I just took an interesting 41-question survey that aims to figure out what event participants value by asking respondents about what types of events they’ve attended recently, what they found most and least useful about the learning formats and technology used, and several other factors about the event experience. It got me thinking.
It asked me to pick a conference or event I attended in the past year, choose which factors motivated me to participate in that event, say who I went with, and explain what the experience was like in different formats (plenary, interactive breakouts, social and networking events, etc.), as well as what factors made the event feel like a success to me.
It was pretty interesting, especially since it made me reflect on just how different my answers would be to all of the questions if I had chosen a different event—or rather, I may have picked the same answers, but they would have had totally different meanings. I took it with Meeting Professionals International’s 2017 World Education Congress in mind, but if I had picked, say, IMEX America last fall, or the press trip I took to Tanzania, the importance of various tech tools, for example, would have varied greatly. I mean, while the computers in the press room at IMEX America were a welcome convenience, I would have cried if I couldn’t re-juice my only camera, my iPhone, in the safari truck while hours away from the nearest human habitation in the Serengeti. And while I would strongly agree with the statement that all three “fascinated me,” the ways in which they did so couldn’t be any more different.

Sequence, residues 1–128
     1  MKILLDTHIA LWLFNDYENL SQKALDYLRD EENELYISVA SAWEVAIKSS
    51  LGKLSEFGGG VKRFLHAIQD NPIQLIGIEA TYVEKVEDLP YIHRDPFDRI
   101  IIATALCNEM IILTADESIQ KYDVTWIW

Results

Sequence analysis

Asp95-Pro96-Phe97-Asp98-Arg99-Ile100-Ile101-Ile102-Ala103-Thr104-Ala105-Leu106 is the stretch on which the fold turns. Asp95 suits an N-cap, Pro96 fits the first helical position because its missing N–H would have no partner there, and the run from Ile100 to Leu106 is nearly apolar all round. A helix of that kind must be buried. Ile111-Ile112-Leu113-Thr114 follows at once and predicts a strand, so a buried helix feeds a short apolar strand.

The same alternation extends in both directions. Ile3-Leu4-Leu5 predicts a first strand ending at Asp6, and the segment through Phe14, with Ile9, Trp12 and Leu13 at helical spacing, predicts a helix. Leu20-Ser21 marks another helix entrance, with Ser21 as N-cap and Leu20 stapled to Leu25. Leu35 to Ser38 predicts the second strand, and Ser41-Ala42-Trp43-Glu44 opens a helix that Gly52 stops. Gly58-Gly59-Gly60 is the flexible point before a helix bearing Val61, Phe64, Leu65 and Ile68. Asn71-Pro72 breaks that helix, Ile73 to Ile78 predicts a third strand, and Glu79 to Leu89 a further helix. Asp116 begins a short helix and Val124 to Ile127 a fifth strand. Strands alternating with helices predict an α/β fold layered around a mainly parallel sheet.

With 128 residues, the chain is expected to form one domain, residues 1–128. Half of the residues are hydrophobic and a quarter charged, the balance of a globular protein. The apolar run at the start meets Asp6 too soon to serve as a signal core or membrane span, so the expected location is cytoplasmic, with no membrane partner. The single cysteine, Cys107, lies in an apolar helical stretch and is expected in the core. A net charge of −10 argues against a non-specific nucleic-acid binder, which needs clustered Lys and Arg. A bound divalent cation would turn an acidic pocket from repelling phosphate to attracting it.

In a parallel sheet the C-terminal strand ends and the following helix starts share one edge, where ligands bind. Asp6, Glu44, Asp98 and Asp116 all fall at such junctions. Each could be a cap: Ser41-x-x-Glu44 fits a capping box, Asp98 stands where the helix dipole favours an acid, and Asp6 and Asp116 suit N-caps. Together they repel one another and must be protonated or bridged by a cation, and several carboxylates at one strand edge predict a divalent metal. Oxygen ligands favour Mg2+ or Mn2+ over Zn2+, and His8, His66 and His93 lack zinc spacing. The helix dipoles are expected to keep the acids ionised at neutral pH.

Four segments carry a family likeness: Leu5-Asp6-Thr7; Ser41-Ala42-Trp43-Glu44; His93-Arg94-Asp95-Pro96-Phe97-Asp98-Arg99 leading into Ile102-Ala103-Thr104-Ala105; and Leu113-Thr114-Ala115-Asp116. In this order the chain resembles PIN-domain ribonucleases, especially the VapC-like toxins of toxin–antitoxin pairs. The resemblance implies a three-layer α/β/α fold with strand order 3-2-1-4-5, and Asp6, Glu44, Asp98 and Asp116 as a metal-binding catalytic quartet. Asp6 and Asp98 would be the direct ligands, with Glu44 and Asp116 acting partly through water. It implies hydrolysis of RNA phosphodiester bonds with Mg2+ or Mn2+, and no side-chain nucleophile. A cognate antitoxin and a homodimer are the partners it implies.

It brought home once again how key it is to know what goals you have for your participants at each event or conference—what do you want them to think, feel, and take away from the experience? What do you want them to value, and what tools and what formats will you provide to help them get that value? And to think it anew at each event you plan because even if you’re serving the same participants, everything else still has to be designed around how the experience you provide meets the event’s purpose.
The research is part of the second phase of a project by the Future Meeting Space innovation network, which is gathering and analyzing meetings-related information so it can recommend potential future actions. The survey, led by the German Convention Bureau, the European Association of Event Centres, and the Fraunhofer Institute for Industrial Engineering, is open until May 17, so take a few minutes to contribute your two cents on what makes meetings participants tick. Here’s a link to the survey.
I think the results will be fascinating.